Hospital transfers can be emotionally distressing for patients and their families, particularly when the receiving facility is far from home. Research conducted by the National Patient Advocate Foundation highlights the profound emotional and financial burdens experienced by patients and families during transfers, including feelings of anxiety, confusion, and disorientation4. Moreover, the logistical challenges associated with arranging transportation and accommodation further exacerbate the stress and financial strain on families.

Financial Implications for Hospitals

Unnecessary transfers not only impact patients and families but also impose financial burdens on referring hospitals. A report by the Healthcare Cost and Utilization Project (HCUP) found that each hospital transfer results in additional costs for both the sending and receiving facilities, including expenses related to transportation, medical staff, and administrative overhead5. These financial implications can strain hospital budgets and undermine efforts to optimize resource allocation and cost-effectiveness in healthcare delivery. Additionally, hospitals that transfer patients out lose the opportunity for appropriate reimbursement based on the patient’s acuity and potentially the opportunity for in-network follow-ups.  

Unnecessary Risks 

Transfers can expose patients to unnecessary risks and complications. A review article published in the Journal of General Internal Medicine underscores the potential for adverse clinical outcomes resulting from inappropriate transfers, including delays in treatment, medication errors, and nosocomial infections6. Such adverse events not only harm patients but also raise concerns about liability and patient safety in healthcare practice.

Operational Challenges and Staff Burnout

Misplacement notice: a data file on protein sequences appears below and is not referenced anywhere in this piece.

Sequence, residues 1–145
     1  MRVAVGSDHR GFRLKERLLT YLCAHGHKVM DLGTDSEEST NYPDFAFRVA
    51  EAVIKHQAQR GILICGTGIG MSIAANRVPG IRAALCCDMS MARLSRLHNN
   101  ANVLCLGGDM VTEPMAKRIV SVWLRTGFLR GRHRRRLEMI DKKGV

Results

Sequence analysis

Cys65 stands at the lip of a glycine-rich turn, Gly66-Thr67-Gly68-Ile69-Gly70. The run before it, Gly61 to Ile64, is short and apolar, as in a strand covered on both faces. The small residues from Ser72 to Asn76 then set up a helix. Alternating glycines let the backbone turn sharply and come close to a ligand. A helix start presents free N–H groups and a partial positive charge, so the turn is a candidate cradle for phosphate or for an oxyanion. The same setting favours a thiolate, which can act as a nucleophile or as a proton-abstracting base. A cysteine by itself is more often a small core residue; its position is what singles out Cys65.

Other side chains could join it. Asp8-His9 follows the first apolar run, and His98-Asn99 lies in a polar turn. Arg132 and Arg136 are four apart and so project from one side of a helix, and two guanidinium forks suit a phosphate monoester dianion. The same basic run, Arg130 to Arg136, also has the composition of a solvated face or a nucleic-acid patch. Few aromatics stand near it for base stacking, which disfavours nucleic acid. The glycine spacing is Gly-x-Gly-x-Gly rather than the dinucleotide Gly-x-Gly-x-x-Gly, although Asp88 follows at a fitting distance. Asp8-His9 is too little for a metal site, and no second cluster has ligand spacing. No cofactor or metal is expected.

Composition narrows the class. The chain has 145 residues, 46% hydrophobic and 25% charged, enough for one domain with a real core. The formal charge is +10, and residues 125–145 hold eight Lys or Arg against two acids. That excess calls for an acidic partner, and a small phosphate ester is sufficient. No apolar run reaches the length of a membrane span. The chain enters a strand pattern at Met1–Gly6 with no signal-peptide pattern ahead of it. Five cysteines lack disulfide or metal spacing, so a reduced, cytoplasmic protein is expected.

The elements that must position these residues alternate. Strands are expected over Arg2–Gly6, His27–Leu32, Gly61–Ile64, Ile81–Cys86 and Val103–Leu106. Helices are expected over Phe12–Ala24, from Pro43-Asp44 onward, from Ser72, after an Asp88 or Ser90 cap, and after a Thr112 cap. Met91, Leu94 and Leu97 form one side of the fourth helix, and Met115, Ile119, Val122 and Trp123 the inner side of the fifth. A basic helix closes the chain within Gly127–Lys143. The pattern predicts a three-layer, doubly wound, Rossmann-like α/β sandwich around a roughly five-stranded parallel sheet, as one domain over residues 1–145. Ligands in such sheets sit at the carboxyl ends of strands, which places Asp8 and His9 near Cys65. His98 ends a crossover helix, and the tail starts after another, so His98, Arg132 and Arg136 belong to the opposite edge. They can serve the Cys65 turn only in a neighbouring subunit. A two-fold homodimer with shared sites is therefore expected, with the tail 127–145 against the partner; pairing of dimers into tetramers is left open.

Hospital transfers can pose operational challenges for healthcare providers, including care coordination, communication, and resource allocation. A study conducted by the Agency for Healthcare Research and Quality (AHRQ) highlights the strain placed on hospital staff involved in managing transfers, with increased workloads and decreased job satisfaction contributing to burnout and turnover7. These operational challenges not only affect the well-being of healthcare workers but also have implications for patient care quality and organizational performance.

Virtual Specialists Can Reduce Hospital Transfers

Virtual specialists give hospitals a powerful tool to reduce unnecessary transfers and the financial burdens associated with these IHTs. Not only can virtual specialists mitigate the direct costs of transfers, but they can also help preserve potential revenue streams by retaining patients who would otherwise be transferred out. Optimizing resource allocation across health systems, minimizing unnecessary costs, and improving capacity to deliver high-quality care locally will benefit not only the patient but also the health system as a whole. 

AmplifyMD provides virtual specialty services across 15+ fields to hospitals nationwide. Learn more about how we help hospitals improve outcomes, including reducing IHTs, here.